The Golden Keys of E-Commerce

Today, in order to have a commanding e-commerce presence with universal access, domain names must be treated like very special golden keys. Without an effective domain name, the entire exercise of Internet-centric commerce becomes almost useless.

Super success in cyber-branding lies in the sophisticated creation, development and ownership of these powerful and magical keys, so that they may open the door to an undiscovered universe of billions of unknown customers around the world. Without this power and access, what’s the point of being in the race for leadership and image positioning?

It only takes a minute to establish if one is holding that magical key or just toying with a rusty screwdriver.

Domain Names Matter

Domain management strategies have in fact become ultra-sophisticated, and they are among the most valuable components of any ambitious corporation’s strategy for building digital branding assets and intellectual property.

Domain names are no longer small issues to be handled by the logo-centric, slogan-happy agencies or Web-tech teams. They now demand powerful strategic, boardroom-level discussions and a commanding knowledge of global domain registration laws and search engine visibility rules.

But in order to be golden keys and not rusty screwdrivers, they also must serve the company’s branding objectives.

During the dot-com boom, there must have been a million domain names registered each day. Even the most unusual, silly and dysfunctional names were sought-after icons of get-rich-quick dreamers, and 99 percent of them failed.

Dot-Com Graveyard

Exhausted or expired, these names have now disappeared, and along with them, the hundreds of millions of dollars on short-lived Web site campaigns.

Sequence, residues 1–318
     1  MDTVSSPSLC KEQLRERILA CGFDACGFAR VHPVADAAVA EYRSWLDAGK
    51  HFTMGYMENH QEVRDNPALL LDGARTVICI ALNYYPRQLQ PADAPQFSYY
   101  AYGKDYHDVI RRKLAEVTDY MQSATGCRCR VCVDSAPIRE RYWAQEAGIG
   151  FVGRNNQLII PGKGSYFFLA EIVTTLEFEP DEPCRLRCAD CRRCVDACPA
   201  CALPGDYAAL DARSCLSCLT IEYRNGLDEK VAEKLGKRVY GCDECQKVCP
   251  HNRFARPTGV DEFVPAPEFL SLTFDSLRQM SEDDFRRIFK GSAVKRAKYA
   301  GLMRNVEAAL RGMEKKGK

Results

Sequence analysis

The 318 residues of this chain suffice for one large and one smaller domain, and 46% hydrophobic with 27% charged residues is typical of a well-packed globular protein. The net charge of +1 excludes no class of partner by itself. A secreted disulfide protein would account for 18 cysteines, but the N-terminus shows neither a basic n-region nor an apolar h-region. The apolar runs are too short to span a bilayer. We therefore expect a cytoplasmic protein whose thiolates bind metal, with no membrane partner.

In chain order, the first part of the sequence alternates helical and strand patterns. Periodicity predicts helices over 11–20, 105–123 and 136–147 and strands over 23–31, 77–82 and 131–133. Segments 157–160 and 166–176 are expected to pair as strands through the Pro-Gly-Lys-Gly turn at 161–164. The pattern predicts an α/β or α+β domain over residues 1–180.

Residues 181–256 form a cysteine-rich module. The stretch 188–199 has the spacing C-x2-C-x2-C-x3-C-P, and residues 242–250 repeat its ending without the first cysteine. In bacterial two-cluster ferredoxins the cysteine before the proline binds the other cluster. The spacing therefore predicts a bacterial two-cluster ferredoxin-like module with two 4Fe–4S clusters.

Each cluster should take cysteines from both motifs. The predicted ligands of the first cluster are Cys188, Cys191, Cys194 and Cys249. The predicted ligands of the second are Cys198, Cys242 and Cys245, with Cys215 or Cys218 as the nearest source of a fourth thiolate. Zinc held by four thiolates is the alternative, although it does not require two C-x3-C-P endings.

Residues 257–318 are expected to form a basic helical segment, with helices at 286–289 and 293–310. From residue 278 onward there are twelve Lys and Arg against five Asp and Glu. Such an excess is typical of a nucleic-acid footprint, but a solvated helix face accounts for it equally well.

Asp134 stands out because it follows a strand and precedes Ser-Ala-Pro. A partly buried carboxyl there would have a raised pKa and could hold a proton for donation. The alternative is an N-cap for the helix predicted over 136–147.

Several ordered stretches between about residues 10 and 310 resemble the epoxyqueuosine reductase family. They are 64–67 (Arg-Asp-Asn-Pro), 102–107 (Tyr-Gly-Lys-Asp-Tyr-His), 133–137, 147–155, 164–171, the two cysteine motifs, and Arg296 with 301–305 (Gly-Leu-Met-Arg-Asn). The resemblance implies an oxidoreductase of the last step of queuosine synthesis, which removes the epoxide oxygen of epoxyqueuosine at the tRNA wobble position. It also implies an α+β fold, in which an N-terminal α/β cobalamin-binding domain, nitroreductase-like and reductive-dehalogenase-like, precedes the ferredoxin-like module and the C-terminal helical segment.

Today, however, there are some very powerful, universal domain names that have carved powerful, highly lucrative positions. Their superior and exclusive fluidity on the net demonstrates the global power of e-commerce.

Smart businesses around the world are aggressively in search of such golden keys.

The best approach to universal domain naming starts with a serious audit to professionally measure the strengths or weaknesses of the proposed names. This process is best served by highly objective views.

The primary goal is to achieve power and access for maximum impact. Today, only the very best names will dominate the global marketplace. Weak, confusingly similar, or nearly identical names do not have a chance of surviving the power and ubiquity of e-commerce.

Be Original

The duplication factor alone will bury most names in complex global listings.

The most expensive Web sites are useless and the best campaigns will remain stuck unless there is a deeper understanding of this subject.

Then there are alpha-structures, which can kill great Web sites and become a liability to business itself. One must have the knowledge to determine the message, personality and length of the name, plus the choice of alpha characters, as each emits its own unique signals.